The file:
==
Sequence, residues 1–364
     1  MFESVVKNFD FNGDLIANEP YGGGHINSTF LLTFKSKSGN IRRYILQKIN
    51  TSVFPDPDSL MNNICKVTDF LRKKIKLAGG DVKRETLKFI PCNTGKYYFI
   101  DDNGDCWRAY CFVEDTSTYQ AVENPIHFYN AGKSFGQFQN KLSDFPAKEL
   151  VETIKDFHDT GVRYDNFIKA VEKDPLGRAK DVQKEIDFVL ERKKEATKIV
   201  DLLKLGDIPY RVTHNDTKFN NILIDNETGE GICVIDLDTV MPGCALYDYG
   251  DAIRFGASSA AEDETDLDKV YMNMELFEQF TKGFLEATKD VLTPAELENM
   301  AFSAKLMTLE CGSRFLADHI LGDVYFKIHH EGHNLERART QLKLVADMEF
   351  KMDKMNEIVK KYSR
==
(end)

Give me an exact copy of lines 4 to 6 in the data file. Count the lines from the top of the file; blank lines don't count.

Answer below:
   101  DDNGDCWRAY CFVEDTSTYQ AVENPIHFYN AGKSFGQFQN KLSDFPAKEL
   151  VETIKDFHDT GVRYDNFIKA VEKDPLGRAK DVQKEIDFVL ERKKEATKIV
   201  DLLKLGDIPY RVTHNDTKFN NILIDNETGE GICVIDLDTV MPGCALYDYG